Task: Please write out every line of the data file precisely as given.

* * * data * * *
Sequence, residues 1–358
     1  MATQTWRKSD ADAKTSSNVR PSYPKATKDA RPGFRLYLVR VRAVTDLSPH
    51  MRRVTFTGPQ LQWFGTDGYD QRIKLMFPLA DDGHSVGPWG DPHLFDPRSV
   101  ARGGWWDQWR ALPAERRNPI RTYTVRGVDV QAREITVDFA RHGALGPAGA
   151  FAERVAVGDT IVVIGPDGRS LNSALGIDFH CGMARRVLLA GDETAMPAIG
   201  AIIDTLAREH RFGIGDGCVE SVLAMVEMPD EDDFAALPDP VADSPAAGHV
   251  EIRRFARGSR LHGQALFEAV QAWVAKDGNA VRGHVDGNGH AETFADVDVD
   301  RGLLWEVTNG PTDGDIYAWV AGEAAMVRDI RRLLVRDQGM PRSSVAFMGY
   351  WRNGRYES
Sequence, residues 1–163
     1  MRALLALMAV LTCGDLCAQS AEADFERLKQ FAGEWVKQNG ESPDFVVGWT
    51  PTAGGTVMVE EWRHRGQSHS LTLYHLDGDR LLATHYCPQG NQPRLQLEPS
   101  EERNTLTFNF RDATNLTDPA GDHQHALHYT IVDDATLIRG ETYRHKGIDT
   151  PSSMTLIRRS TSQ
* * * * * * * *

Sequence, residues 1–358
     1  MATQTWRKSD ADAKTSSNVR PSYPKATKDA RPGFRLYLVR VRAVTDLSPH
    51  MRRVTFTGPQ LQWFGTDGYD QRIKLMFPLA DDGHSVGPWG DPHLFDPRSV
   101  ARGGWWDQWR ALPAERRNPI RTYTVRGVDV QAREITVDFA RHGALGPAGA
   151  FAERVAVGDT IVVIGPDGRS LNSALGIDFH CGMARRVLLA GDETAMPAIG
   201  AIIDTLAREH RFGIGDGCVE SVLAMVEMPD EDDFAALPDP VADSPAAGHV
   251  EIRRFARGSR LHGQALFEAV QAWVAKDGNA VRGHVDGNGH AETFADVDVD
   301  RGLLWEVTNG PTDGDIYAWV AGEAAMVRDI RRLLVRDQGM PRSSVAFMGY
   351  WRNGRYES
Sequence, residues 1–163
     1  MRALLALMAV LTCGDLCAQS AEADFERLKQ FAGEWVKQNG ESPDFVVGWT
    51  PTAGGTVMVE EWRHRGQSHS LTLYHLDGDR LLATHYCPQG NQPRLQLEPS
   101  EERNTLTFNF RDATNLTDPA GDHQHALHYT IVDDATLIRG ETYRHKGIDT
   151  PSSMTLIRRS TSQ